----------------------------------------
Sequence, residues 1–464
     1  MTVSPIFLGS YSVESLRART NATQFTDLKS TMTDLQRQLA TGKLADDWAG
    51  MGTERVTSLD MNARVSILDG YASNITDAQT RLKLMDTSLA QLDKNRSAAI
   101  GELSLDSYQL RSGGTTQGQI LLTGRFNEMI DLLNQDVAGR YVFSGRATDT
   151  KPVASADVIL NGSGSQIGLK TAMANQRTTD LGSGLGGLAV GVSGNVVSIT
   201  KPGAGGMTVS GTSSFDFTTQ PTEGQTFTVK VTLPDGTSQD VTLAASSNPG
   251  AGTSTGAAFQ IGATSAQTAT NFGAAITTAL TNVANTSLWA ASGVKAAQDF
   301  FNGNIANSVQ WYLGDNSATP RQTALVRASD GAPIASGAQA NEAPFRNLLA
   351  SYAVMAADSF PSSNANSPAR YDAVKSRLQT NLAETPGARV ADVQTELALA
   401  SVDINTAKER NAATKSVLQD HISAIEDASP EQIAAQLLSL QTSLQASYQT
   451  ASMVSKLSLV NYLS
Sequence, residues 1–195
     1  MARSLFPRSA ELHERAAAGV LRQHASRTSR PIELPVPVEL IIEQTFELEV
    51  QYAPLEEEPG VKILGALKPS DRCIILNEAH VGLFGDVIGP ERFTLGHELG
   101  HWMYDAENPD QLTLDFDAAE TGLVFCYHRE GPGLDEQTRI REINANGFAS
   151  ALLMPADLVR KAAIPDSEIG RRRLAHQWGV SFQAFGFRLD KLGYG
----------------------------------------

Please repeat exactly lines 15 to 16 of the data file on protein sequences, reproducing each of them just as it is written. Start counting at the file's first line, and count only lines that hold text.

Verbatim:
   101  HWMYDAENPD QLTLDFDAAE TGLVFCYHRE GPGLDEQTRI REINANGFAS
   151  ALLMPADLVR KAAIPDSEIG RRRLAHQWGV SFQAFGFRLD KLGYG